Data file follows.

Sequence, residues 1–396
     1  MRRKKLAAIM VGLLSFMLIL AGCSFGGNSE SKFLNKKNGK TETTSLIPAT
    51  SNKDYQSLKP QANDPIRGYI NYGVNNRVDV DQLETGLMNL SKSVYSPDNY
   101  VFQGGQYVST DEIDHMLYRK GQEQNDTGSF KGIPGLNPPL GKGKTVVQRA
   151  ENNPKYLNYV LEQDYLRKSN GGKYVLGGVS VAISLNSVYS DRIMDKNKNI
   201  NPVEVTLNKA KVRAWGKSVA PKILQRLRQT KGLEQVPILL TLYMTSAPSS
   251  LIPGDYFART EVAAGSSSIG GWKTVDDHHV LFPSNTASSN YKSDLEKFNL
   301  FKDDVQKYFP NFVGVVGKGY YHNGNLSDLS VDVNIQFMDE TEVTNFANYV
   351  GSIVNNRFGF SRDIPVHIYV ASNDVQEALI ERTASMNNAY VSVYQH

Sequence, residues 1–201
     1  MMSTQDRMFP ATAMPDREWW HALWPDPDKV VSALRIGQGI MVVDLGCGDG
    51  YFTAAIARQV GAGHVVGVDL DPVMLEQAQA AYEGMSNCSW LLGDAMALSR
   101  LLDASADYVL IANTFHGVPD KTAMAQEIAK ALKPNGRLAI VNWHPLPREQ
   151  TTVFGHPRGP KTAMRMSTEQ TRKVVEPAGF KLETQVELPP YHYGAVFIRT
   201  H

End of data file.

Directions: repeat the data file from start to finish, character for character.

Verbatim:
Sequence, residues 1–396
     1  MRRKKLAAIM VGLLSFMLIL AGCSFGGNSE SKFLNKKNGK TETTSLIPAT
    51  SNKDYQSLKP QANDPIRGYI NYGVNNRVDV DQLETGLMNL SKSVYSPDNY
   101  VFQGGQYVST DEIDHMLYRK GQEQNDTGSF KGIPGLNPPL GKGKTVVQRA
   151  ENNPKYLNYV LEQDYLRKSN GGKYVLGGVS VAISLNSVYS DRIMDKNKNI
   201  NPVEVTLNKA KVRAWGKSVA PKILQRLRQT KGLEQVPILL TLYMTSAPSS
   251  LIPGDYFART EVAAGSSSIG GWKTVDDHHV LFPSNTASSN YKSDLEKFNL
   301  FKDDVQKYFP NFVGVVGKGY YHNGNLSDLS VDVNIQFMDE TEVTNFANYV
   351  GSIVNNRFGF SRDIPVHIYV ASNDVQEALI ERTASMNNAY VSVYQH

Sequence, residues 1–201
     1  MMSTQDRMFP ATAMPDREWW HALWPDPDKV VSALRIGQGI MVVDLGCGDG
    51  YFTAAIARQV GAGHVVGVDL DPVMLEQAQA AYEGMSNCSW LLGDAMALSR
   101  LLDASADYVL IANTFHGVPD KTAMAQEIAK ALKPNGRLAI VNWHPLPREQ
   151  TTVFGHPRGP KTAMRMSTEQ TRKVVEPAGF KLETQVELPP YHYGAVFIRT
   201  H